A concept so old it comes to us in a dead language: divide et impera. The original phrase is attributed to Philip II of Macedon as he played Greek city-states off against one another in the fourth century BC. In ancient Greek, διαίρει καὶ βασίλευε; in English, divide and rule. A favoured tactic of emperors and dictators from Caesar to Bonaparte to Mao, it is also a staple of the modern workplace.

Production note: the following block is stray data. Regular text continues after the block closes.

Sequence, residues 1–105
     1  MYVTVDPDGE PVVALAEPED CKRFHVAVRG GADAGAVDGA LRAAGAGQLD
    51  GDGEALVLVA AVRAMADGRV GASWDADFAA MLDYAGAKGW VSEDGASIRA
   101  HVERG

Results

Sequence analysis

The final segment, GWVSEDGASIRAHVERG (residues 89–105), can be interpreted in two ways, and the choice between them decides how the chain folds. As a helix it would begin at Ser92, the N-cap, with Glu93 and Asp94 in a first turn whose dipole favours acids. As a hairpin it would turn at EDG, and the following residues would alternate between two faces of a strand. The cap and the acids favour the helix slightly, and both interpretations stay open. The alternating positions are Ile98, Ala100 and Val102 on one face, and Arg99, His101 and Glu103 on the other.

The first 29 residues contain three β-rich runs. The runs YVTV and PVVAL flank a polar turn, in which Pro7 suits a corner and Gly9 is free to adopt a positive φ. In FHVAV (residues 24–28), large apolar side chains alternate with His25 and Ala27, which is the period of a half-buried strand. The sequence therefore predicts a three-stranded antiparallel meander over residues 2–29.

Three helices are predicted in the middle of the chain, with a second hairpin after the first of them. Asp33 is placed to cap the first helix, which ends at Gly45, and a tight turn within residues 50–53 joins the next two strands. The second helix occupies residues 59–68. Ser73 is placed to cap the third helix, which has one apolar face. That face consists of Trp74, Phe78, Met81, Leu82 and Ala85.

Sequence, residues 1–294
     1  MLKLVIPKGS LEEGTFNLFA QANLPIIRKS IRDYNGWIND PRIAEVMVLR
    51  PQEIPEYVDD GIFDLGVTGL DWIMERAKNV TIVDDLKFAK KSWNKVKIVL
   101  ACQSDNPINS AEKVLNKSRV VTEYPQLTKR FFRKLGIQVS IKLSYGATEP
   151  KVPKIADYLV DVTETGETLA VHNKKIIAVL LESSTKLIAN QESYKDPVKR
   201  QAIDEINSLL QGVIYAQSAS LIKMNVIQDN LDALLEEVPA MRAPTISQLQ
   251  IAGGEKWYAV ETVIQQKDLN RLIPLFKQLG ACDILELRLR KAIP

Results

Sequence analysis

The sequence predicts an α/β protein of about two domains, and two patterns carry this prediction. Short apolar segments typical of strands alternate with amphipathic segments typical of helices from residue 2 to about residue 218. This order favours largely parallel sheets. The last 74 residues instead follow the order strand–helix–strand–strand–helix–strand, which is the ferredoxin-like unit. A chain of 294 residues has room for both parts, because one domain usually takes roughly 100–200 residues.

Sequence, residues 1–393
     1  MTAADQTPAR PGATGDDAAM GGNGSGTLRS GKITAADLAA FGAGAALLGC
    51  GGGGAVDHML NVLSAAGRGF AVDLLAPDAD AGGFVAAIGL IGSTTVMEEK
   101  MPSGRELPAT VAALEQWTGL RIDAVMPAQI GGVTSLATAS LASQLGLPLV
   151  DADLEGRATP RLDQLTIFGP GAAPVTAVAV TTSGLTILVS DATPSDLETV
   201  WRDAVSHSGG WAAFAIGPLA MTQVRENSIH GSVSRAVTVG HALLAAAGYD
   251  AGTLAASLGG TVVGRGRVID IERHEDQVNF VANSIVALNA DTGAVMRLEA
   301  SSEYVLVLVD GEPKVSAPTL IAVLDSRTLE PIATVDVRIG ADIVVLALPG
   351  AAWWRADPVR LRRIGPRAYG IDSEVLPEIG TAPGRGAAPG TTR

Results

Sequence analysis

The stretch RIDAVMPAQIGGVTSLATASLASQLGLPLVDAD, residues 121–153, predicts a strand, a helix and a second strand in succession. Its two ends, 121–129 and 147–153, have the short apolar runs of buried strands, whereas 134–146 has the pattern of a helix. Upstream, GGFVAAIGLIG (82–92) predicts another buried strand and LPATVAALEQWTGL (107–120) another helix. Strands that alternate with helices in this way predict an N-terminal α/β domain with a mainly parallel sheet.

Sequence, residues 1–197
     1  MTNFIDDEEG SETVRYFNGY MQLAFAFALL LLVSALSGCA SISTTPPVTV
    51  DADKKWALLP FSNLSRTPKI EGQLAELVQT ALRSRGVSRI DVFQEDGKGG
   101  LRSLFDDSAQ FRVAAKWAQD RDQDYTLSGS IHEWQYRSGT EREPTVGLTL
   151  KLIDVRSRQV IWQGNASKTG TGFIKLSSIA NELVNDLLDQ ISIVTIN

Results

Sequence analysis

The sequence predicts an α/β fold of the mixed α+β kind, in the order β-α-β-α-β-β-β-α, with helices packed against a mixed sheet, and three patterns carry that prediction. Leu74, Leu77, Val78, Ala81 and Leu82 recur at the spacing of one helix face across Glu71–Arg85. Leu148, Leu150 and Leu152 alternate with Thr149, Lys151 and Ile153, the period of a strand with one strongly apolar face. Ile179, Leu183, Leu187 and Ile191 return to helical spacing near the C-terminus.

For the first time in more than a decade there’s cause for hope.
Show Your Working is a regular column exploring how some of our favourite writers get things done. This month, we take a peek into the writing routine of former senator turned author Scott Ludlam.